By Ann | October 17, 2013
With its abundant sunshine, fields of lavender, pin-cushion goat cheeses, and floods of rosé wine, Provence is the stuff dreams are made of. For six summers in a row, we vacationed in the Luberon region, renting a stone house at the edge of the village of Bonnieux. I spent my mornings buying bright-skinned produce at local markets, my afternoons by the pool reading Tintin books, and my evenings sipping rosé wine and cooking. It was heaven.
Alas, the house — which belongs to a friend — is now on the market, and for the past few summers, we’ve vacationed elsewhere. But I still dream of Provence, especially the food — the sun-warmed fruits and vegetables, fragrant soupe au pistou laced with olive oil, and — along the coast — the region’s famous bouillabaisse. I miss it so much, even sorting through my photos for this post made me tremble.
In case you’re lucky enough to visit Provence, here are some of my favorite food places:
Where to eat in Provence?
Provence is a huge region and I’ve been lucky enough to explore many corners of it. I’ve arranged this list of my favorite restaurants by location.
Bonnieux and environs:
La Gare de Bonnieux (Bonnieux, tel: 04 90 75 82 00) is housed in the village’s former train station. Now converted to a restaurant, it’s one of those institutions that everyone seemed to know about, except me (for a long time) because it’s a little hard to find. The lunch formule offers entrée-plat-dessert — start at the cold buffet, move on to the plat du jour (osso bucco, for example, or petits farcis — those adorable Provençal stuffed vegetables), and finish up with a wedge of goat cheese drizzled with olive oil, or a scoop of ice cream. Casual and fresh. Also, kid friendly.
Pinna (Route de Buoux, Chemin de St-Massian 84400 Apt; tel: 04 90 74 39 60) is an Italian take-away shop and the best place to stock your vacation rental’s kitchen. Almost everything is homemade, from the canned sauces, fresh pastas, lasagnes, breadsticks, raw-cured ham and handmade ravioli — many of the ingredients are even raised on-site. I love their truffle lasagne and their homegrown melons are like sweet perfume.
Bonnieux’s annual soupe au pistou fête (for specific information, check the Comité des fêtes de Bonnieux Facebook page) takes place every year, around the August 15 assumption holiday. If, like me, you’ve always longed to taste this gorgeous, seasonal soup — traditionally prepared by granny’s loving, patient hands — this is the perfect opportunity. Everyone gathers at picnic tables in the village square for a lazy afternoon of food, rosé, and a game of boules.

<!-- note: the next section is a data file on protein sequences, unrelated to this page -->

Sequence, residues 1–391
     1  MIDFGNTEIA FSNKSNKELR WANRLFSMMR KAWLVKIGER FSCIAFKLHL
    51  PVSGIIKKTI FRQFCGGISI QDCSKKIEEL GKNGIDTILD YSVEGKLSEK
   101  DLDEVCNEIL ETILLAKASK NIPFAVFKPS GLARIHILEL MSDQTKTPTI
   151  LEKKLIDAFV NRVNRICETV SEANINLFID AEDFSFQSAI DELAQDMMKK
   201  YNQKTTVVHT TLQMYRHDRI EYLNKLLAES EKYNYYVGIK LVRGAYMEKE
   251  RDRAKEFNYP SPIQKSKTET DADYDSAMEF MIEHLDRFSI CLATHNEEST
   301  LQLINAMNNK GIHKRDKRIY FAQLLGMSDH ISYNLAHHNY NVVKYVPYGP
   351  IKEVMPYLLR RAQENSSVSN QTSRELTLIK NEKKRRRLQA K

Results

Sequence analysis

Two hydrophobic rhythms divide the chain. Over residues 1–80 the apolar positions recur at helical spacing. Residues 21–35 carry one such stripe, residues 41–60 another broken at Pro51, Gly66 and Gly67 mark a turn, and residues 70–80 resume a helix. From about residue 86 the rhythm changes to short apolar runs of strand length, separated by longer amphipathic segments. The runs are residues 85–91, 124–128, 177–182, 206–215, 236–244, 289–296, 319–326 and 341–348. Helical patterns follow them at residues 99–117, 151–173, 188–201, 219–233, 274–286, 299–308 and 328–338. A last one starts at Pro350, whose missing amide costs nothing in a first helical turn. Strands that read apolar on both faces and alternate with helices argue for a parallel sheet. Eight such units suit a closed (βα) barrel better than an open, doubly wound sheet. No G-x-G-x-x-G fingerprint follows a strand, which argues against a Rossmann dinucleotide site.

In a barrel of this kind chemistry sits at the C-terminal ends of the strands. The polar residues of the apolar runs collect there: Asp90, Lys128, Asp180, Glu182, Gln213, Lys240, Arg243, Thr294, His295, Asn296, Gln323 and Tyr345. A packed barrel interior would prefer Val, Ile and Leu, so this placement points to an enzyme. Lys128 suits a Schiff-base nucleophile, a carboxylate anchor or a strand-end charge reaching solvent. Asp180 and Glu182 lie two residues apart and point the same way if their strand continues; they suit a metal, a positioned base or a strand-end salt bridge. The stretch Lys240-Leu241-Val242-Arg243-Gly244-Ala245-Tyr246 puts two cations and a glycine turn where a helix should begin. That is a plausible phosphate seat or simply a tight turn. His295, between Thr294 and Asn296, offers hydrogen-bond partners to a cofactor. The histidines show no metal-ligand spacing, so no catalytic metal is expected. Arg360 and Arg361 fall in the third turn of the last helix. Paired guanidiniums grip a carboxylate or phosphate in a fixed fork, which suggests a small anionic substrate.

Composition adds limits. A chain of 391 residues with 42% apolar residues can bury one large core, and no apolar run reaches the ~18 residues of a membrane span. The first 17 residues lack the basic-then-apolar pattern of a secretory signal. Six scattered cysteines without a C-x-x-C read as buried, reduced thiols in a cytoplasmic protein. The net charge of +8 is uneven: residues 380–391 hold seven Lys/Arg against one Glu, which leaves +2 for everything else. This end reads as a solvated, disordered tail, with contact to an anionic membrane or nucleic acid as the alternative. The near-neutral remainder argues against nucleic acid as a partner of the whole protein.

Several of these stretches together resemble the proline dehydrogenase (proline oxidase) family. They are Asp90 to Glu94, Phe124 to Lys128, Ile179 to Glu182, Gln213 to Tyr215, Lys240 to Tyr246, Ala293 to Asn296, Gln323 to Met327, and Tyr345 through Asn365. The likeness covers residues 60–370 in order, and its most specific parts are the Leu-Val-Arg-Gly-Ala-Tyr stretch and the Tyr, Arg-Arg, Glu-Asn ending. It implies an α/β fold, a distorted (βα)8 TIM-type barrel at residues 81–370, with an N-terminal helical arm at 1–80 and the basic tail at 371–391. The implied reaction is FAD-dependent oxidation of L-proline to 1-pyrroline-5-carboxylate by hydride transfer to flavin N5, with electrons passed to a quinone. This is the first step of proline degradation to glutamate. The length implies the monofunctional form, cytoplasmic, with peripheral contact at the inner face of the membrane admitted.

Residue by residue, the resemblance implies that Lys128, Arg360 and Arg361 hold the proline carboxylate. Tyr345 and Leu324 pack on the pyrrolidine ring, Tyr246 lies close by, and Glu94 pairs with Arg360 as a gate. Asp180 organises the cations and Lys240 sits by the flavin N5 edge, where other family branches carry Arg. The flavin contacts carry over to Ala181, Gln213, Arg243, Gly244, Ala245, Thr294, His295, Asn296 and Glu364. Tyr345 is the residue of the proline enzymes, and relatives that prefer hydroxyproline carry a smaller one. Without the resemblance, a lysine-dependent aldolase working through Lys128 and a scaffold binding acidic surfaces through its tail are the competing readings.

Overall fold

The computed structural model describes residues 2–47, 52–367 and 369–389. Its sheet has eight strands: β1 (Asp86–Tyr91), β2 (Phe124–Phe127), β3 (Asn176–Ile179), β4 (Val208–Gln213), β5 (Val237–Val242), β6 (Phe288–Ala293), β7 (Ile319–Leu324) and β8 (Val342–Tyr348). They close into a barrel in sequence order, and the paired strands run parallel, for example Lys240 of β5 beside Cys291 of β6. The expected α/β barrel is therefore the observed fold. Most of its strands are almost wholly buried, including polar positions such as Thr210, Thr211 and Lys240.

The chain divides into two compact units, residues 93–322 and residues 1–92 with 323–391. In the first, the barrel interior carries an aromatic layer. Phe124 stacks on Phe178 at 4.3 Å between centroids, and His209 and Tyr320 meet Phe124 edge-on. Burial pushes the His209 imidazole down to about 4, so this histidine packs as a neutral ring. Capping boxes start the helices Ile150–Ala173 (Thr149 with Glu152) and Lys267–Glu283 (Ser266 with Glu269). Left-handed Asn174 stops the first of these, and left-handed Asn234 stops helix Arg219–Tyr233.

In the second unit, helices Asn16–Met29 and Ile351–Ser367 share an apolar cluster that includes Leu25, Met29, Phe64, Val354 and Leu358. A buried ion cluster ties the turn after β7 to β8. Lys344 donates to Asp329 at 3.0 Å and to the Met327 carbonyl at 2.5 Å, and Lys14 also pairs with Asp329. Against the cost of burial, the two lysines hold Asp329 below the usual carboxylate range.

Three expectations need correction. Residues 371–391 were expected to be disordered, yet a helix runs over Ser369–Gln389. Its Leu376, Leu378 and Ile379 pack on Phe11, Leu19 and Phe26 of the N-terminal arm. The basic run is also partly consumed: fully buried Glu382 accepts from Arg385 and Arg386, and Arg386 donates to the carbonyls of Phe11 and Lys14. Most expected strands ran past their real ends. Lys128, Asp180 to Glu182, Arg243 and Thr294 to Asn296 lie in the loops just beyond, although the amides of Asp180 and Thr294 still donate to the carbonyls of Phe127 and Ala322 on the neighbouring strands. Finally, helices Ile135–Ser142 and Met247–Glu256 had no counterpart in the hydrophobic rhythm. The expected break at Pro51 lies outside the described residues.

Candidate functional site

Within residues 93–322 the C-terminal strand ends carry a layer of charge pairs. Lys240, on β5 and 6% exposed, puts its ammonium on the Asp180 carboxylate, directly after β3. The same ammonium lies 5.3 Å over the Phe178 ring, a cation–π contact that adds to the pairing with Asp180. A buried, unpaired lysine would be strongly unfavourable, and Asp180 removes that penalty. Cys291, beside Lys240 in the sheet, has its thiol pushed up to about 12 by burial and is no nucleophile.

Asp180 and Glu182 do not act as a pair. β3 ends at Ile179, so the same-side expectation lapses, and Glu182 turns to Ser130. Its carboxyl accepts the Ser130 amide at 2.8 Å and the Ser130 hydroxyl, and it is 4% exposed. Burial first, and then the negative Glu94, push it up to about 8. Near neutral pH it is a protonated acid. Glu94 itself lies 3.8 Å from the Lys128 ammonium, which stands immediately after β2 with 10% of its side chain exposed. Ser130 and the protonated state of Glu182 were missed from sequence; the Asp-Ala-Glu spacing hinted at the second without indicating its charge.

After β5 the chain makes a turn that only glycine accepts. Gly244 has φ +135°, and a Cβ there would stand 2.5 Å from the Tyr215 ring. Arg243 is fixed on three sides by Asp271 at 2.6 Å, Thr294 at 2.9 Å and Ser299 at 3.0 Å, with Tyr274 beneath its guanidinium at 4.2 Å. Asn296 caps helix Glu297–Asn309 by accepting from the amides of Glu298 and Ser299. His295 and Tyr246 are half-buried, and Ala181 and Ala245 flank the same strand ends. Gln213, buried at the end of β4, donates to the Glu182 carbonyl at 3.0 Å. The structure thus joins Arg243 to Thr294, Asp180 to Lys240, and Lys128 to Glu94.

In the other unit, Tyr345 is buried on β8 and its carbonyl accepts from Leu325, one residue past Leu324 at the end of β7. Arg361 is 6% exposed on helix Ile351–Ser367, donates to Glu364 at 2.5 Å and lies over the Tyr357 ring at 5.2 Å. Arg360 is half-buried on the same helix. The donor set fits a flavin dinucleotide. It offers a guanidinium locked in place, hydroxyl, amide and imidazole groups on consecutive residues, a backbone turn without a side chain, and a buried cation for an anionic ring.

Scaramouche (Cours Aristide Briand, Céreste, tel: 04 92 79 8 82) is an artisanal ice cream shop in the tiny village of Céreste. The flavors are inspired by and drawn from Provence itself, and the ice creams and sorbets use local products — fresh spring strawberries, late-summer apricots, sheep’s milk yogurt, etc. Full disclosure: Scaramouche is owned by a friend, the writer Elizabeth Bard, author of Lunch in Paris, and her husband.
V Comme Vin (Place du Septier/Place Carnot, Apt, tel: 04 90 04 77 38) is a terrific wine shop in Apt, specializing in local bottles. The sales staff is friendly and knowledgeable — and has wonderful recommendations for the area’s rosés and reds.
Marseille and the coast (bouillabaisse country):
Chez Gilbert in Cassis (Quai des Baux, Cassis; 04 42 01 71 36) serves up a bouillabaisse that will make you swoon — a deep, layered, thick soup adorned with chunks of sparkling fresh fish that melt in the mouth. Pricey but worth the splurge.
Chez Fonfon (140 rue du Vallon des Auffres, Marseille; 04 91 52 14 38) is a classic Marseille address with classic bouillabaisse — faultless, if a little formal.
Oliviera (8 bis rue du Collet, Nice, tel: 04 93 13 06 45) is both an olive oil boutique and a restaurant serving simple but wonderful food: plates of sliced sweet tomatoes, vegetable-stuffed courgette blossoms, lasagne layered with baby zucchini, tiny ravioli stuffed with slow-cooked beef daube. Like an accomplished sommelier, the owner selects regional olive oils to match and enhance different foods.
Hungry for more? Today’s post is a companion to my new book, Mastering the Art of French Eating, a food memoir that Peter Mayle, the author of A Year in Provence, says is “very elegantly served. A really tasty book.”
And more from the series, Where to Eat in France.